On July 27, 2012, Fraser defended his more than 420-page dissertation and earned his Ph.D. The dissertation, “Publishing Freedom: African American Periodical Editors and the Long Civil Rights Struggle, 1900-1955,” focuses on three periodical editors—Pauline Hopkins, A. Philip Randolph, and Paul Robeson—and how their writings influenced the Black freedom movement in the twentieth century. He is excited about promoting the work of these Black writers, and especially the work of journalist-playwrights Alice Childress and Lorraine Hansberry, whose plays, Fraser argues, came from the periodical “Freedom,” inspired by Paul Robeson. He believes that works by Childress and Hansberry are the unsung foremothers of the Black Arts Movement.

In 2013, Dr. Rhone Fraser produced a reading of his play, “Unity Valley,” based on the actual 1803 pamphlet by Quaker merchant David Barclay called “An Account of the Emancipation of Slaves from Unity Valley Pen, Jamaica.” The following year, Fraser was honored to speak at, and direct shorts of, Leslie Lee’s plays at the memorial for Lee, hosted by the Signature Theater and featuring Woodie King, Jr. and Douglas Turner Ward.

That same year, Dr. Fraser produced and directed a historical drama reading series called “Readings at the X,” which featured Starletta DuPois, Zuhairah McGill, Brian Anthony Wilson, Caroline Clay, Alexander Elisa, Carlene Taylor, Shayne Powell, Norman Marshall, and many other notable actors. The series featured a new historical drama written by Ted Lange about John Brown and his collaborator Osborne Anderson entitled “The Journals of Osborne Anderson,” a gathering which Lange himself attended.

In 2015, Dr. Fraser joined the faculty of the Department of English at Howard University, where his teachings featured “Between the World and Me,” a book by Ta-Nehisi Coates that he said changed the course of his life. He believes this is the first mainstream publication that spoke to him directly, because he related so much to Coates’ thoughts on manhood, and the fact that he and Coates are fellow Librans and there are similarities between his Aquarian father, Anserd, and Coates’ father, Paul. In September 2017, Fraser was invited to lecture at Pacific Lutheran University about his critical response to “Between the World and Me,” during which Coates was compared as a journalist to the likes of Ida B. Wells, Pauline Hopkins, Hubert Harrison, and Marcus Garvey.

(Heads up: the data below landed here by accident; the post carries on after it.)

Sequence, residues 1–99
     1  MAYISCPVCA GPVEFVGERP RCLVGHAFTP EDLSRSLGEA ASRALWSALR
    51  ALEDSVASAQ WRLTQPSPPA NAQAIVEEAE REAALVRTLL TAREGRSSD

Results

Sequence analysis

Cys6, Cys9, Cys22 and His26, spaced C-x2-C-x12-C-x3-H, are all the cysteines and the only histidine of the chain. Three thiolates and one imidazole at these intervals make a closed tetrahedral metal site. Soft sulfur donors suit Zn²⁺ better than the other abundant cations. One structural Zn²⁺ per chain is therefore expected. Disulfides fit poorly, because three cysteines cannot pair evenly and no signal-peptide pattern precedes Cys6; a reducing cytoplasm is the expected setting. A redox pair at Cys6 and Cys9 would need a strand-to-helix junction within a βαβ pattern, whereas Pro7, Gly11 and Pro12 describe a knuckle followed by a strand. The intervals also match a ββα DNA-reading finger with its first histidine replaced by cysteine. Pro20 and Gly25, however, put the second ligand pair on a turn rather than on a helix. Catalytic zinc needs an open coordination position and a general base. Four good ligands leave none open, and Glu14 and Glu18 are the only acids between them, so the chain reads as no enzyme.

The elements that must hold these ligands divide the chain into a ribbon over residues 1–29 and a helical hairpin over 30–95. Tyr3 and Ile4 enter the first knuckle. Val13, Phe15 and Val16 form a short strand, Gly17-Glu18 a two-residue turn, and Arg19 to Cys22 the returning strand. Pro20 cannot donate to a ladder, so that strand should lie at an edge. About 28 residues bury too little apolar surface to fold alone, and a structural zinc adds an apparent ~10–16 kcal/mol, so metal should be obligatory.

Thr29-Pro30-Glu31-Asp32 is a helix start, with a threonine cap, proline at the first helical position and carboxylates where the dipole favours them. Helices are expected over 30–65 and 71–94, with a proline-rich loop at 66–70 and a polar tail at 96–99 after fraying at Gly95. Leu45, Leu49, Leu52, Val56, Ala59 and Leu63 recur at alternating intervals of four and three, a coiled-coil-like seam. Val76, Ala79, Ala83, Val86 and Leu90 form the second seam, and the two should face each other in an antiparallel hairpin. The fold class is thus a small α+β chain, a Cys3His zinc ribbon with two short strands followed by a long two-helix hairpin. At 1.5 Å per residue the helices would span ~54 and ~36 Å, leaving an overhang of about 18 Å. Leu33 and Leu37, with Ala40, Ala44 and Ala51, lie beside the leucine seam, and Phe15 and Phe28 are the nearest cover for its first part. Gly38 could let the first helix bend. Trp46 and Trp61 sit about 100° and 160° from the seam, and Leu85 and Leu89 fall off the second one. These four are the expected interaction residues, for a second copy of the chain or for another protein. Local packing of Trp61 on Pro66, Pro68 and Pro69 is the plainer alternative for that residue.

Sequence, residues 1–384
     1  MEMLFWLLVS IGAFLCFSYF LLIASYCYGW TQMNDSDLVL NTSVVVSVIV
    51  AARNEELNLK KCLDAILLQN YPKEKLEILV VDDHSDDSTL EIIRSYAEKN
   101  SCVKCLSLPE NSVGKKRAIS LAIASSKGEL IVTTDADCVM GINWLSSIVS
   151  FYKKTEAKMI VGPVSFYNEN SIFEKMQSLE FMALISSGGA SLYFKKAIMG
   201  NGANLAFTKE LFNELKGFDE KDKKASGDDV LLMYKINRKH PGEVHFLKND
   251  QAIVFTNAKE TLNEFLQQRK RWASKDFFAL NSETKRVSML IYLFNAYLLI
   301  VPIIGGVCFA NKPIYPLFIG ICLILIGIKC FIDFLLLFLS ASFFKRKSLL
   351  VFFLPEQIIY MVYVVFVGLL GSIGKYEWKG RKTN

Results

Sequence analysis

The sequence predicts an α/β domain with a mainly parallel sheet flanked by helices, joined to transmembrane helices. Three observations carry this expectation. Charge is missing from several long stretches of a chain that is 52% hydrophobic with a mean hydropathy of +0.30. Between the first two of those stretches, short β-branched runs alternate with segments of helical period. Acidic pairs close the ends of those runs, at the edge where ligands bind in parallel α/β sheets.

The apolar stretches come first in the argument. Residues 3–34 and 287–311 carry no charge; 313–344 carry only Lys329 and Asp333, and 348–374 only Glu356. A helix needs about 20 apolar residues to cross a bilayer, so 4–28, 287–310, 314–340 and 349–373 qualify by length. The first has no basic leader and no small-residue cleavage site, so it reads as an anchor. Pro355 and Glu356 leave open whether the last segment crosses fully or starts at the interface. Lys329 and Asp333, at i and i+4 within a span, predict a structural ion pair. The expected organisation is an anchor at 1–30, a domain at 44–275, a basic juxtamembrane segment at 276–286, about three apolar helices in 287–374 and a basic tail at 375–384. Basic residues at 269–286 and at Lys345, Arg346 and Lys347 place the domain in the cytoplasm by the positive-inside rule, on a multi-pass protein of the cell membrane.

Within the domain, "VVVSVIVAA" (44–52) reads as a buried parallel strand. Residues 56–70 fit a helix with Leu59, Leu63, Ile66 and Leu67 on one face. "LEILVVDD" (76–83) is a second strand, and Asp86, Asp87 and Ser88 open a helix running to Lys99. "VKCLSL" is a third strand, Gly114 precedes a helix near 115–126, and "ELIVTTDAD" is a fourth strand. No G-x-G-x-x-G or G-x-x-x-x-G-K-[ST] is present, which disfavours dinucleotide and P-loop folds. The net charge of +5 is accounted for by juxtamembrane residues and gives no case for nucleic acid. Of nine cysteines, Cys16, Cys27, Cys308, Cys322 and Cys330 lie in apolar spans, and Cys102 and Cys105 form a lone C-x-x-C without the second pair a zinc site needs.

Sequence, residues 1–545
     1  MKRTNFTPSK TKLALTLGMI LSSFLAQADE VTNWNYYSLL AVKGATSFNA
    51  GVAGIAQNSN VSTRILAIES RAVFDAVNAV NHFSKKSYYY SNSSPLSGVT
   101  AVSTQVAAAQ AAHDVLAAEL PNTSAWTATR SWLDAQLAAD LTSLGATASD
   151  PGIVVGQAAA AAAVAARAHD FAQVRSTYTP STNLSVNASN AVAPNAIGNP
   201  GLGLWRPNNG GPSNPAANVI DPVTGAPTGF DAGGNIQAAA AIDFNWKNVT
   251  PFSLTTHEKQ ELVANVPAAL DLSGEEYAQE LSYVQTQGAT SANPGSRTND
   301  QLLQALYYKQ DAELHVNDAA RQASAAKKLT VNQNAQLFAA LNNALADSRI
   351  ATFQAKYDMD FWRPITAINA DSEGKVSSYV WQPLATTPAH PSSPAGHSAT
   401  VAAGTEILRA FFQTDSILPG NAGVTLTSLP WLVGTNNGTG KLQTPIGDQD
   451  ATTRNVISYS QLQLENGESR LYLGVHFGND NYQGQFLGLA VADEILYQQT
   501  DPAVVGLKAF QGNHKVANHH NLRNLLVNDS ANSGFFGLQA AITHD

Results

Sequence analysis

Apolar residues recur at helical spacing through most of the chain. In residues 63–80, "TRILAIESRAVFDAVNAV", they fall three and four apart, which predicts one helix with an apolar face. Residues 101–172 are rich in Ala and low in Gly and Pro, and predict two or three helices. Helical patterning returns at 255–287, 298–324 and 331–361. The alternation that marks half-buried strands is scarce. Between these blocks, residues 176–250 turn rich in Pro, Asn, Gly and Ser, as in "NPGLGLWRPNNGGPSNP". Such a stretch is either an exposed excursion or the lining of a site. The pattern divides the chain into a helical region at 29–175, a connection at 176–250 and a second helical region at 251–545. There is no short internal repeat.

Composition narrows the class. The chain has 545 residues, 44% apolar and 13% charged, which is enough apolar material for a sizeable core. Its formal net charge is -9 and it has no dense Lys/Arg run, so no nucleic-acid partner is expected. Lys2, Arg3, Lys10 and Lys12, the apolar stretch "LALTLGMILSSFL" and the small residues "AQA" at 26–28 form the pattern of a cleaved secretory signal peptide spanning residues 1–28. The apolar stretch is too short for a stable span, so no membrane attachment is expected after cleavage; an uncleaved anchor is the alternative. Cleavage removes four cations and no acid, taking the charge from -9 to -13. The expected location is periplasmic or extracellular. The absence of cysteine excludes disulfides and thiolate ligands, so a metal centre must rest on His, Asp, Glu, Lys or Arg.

In 2016, Dr. Fraser organized a panel, “Marcus Garvey: 100 Years Later,” about the historical significance of journalist Marcus Garvey, who sailed to the United States exactly one hundred years prior. The gathering at the Left Forum included historians Horace Campbell and Jeffrey B. Perry. That October, the son of Marcus Garvey, Dr. Julius Garvey, called Fraser and asked him to join a lobbying effort, organized by Howard University’s Dr. Goulda Downer, to get then-President Obama to grant Marcus Garvey a posthumous presidential pardon. Dr. Fraser committed himself and got others to write and tweet weekly to President Obama for the pardon, which was ultimately not granted.

On January 1, 2017, Dr. Fraser completed his fifth play, “The Original Mrs. Garvey.” The work is based on two biographies of Amy Ashwood Garvey, the first wife of Marcus Garvey, by Lionel Yard and Tony Martin. He has lectured about Amy Ashwood Garvey at the Francis A. Gregory Library in Washington, DC, at Howard University, and at a U.N.I.A. Division #330 meeting.

Dr. Fraser considers his dramatic works much more nourishing than the stale and bland diet promoted by the mainstream. His says his plays are “gems waiting to be discovered” for any play director ready to be challenged and develop them. They are works which come from many influences, including his Temple University dissertation adviser, Dr. Heather Thompson, who won the 2017 Pulitzer Prize in History for her book “Blood in the Water,” about the 1971 Attica prison rebellion. The book was optioned and selected by TriStar Pictures last year to be produced as a film by Amy Paschal and Rachel O’Connor.

Dr. Fraser is also a scholar of the novel. He is a member of the Pauline Elizabeth Hopkins Society and the Toni Morrison Society. Fraser completed scholarly book reviews about the work of novelists Paule Marshall and Elizabeth Nunez. The “Journal of Pan African Studies” is publishing a special issue on the fiction of Nunez, edited with an introduction and a critical article by Dr. Fraser. He is also completing a manuscript for publication which is a literary criticism of the four novels by the Boston-based journalist and dramatist, Pauline Hopkins.